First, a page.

Long Island’s real estate market is hot, but that doesn’t mean home sellers have it easy. Buyers’ offers can fall through, and sellers can face tricky decisions such as whether to ditch an accepted offer in favor of a higher price.
To help sellers get top dollar for their homes and steer clear of problems, Newsday Live aired a question and answer session with local housing experts as part of its web series Hot Tips for a Hot Market.
The virtual session, moderated by Newsday anchor Faith Jesse and residential real estate reporter Maura McDermott, included Jonathan Miller, president and CEO of Miller Samuel Appraisers in Manhattan, and Monica Balsan, real estate salesperson with Daniel Gale Sotheby’s International Realty in Stony Brook.
Responses have been edited for length and clarity.
In this hot market, should home sellers ‘test the market’ by listing their property at a high price?
Miller: The quick answer to that is no. If someone does offer a price that is out of line with what the market supports, they may not get a mortgage. This is a market where homes that are priced correctly move very quickly, but homes that aren’t priced correctly sit for quite a while.
Sellers are getting flooded with offers. How can they know which one to accept? Is it just about choosing the highest price?
Balsan: It’s not about choosing the highest price. Other factors include whether the buyer is pre-approved for a mortgage, the down payment terms, whether the buyers have to sell their own home and when they want to close the sale.
Let’s say a seller has accepted an offer but they haven’t signed a contract, and then a much better offer comes in. What do you tell them to do?
Balsan: I always recommend that we continue showing until contracts are fully signed…. If a higher offer comes in, sometimes the seller will ask the first buyers if they would like to meet or beat that second offer price. Other times sellers just want to go with the first person that came to the table. Some people don’t want to get into a bidding war or do that to other people, especially if a buyer came in right away and got an inspector right away.
Miller: On Long Island at the beginning of this year. four out of 10 homes sold after bidding wars. And so you can see the intensity of the market and how important it is for a seller to be prepared to make a decision about whether they want to stick with the [first offer] or not.
What if a seller accepts an offer, but then the appraisal comes back lower than the offer, and the buyer asks the homeowner to accept a lower price?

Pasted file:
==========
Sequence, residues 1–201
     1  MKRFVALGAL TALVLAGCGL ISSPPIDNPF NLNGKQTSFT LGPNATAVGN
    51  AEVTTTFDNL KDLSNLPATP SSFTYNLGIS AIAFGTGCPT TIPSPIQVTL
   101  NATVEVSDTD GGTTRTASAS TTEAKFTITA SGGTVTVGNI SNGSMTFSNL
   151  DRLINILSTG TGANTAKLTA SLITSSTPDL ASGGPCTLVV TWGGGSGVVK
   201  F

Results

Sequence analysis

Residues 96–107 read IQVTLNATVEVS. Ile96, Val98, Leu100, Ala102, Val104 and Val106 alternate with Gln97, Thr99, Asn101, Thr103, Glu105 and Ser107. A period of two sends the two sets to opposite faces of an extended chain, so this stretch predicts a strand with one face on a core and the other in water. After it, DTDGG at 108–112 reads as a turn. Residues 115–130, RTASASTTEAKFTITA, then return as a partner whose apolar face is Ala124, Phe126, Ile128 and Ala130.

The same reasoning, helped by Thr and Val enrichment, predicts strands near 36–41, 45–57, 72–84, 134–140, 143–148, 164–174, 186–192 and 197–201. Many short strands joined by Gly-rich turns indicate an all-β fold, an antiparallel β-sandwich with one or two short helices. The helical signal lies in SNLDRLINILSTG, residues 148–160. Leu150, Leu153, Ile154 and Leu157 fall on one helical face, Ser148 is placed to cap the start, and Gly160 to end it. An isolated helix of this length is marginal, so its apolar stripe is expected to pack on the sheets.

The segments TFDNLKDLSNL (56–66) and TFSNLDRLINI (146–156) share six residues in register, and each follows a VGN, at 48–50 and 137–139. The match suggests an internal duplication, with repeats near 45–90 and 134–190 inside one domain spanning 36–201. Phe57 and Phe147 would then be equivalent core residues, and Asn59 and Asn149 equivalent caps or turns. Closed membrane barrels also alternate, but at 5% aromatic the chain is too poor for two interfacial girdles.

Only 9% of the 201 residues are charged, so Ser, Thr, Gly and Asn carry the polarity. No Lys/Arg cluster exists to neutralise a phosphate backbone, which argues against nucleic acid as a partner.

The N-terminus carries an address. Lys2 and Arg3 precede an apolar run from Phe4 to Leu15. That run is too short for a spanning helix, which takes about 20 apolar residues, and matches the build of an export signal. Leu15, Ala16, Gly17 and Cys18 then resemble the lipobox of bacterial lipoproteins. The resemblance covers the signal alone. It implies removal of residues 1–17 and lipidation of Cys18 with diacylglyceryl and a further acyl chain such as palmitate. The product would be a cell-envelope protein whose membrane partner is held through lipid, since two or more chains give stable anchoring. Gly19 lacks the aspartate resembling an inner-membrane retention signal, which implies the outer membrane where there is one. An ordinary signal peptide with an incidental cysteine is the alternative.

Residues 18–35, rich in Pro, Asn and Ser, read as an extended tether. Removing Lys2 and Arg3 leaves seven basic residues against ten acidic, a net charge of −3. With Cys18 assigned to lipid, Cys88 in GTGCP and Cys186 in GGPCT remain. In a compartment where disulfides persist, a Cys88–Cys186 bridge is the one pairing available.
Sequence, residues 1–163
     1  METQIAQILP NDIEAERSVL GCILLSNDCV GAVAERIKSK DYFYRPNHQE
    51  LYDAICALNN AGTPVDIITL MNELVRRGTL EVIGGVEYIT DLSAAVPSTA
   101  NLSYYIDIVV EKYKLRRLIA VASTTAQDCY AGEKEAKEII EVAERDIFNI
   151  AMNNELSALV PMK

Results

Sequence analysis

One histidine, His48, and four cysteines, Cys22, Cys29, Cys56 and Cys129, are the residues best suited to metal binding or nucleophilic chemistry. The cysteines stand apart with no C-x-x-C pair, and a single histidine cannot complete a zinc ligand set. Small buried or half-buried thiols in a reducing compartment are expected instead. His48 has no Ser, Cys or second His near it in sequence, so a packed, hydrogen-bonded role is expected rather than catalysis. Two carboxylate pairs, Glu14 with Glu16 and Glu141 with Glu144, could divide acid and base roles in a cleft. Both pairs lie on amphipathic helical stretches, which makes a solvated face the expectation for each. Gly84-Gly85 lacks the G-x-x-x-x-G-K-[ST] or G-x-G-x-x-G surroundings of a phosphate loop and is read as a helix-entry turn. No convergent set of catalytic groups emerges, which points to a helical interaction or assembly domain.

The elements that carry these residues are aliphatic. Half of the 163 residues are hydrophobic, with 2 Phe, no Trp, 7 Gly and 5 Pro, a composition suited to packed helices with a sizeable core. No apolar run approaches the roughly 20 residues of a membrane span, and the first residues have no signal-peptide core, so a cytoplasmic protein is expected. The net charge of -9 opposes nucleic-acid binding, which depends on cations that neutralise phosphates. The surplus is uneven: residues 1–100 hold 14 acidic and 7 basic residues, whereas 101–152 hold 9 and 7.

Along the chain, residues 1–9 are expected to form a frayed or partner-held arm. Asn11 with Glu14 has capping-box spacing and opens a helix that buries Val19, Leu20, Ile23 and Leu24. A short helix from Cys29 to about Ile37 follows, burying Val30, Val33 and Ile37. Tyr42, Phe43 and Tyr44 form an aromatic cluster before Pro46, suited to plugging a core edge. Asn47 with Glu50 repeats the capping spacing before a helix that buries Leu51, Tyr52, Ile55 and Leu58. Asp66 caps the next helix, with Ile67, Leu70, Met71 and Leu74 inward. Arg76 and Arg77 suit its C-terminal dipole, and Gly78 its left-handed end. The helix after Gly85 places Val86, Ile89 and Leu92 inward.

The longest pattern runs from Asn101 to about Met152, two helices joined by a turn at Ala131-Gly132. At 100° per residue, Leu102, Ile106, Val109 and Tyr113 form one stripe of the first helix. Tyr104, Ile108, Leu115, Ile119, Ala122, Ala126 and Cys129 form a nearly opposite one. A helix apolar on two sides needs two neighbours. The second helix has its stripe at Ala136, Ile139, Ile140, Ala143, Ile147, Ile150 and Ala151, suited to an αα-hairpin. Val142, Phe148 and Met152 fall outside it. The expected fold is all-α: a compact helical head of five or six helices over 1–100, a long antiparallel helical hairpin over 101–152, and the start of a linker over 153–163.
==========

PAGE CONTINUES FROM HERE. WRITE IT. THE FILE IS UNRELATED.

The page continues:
Balsan: I just had this happen, the appraisal came in over $100,000 short of the offer price. The buyers…do tend to come back and ask the homeowner to adjust the price to the appraisal price. Sometimes sellers do. In my case, the seller didn’t and the buyer was willing to pay the difference.
Some homeowners may be wondering if this red hot market is about to cool off. Should sellers be rushing to list their homes right now?
Miller: I don’t see this as a short-term situation. there’s not an expectation of some sort of short-term surge in rates. That being said, if you’re looking to sell, there is the lowest inventory on record right now. We also have a generational shift, where we have millennials pouring into the purchase market, coming out of the lockdown pandemic and finding these low rates and seeing the opportunity. So there’s a lot of forces at work.
With demand for homes so high, can you offer some advice about which home repairs and improvements are worth it and which are not?
Miller: The first step for any seller is to try to imagine a buyer walking up to your front door, and what do they see? Look at the yard, look at the landscaping. Rather than big repairs, it’s really about just making sure the house is painted, it’s very neutral in the sense of removing clutter. There’s really not a lot of repairs in this market that are really needed simply because the inventory is so low. We’re really not advising sellers to renovate a kitchen or renovate a bathroom.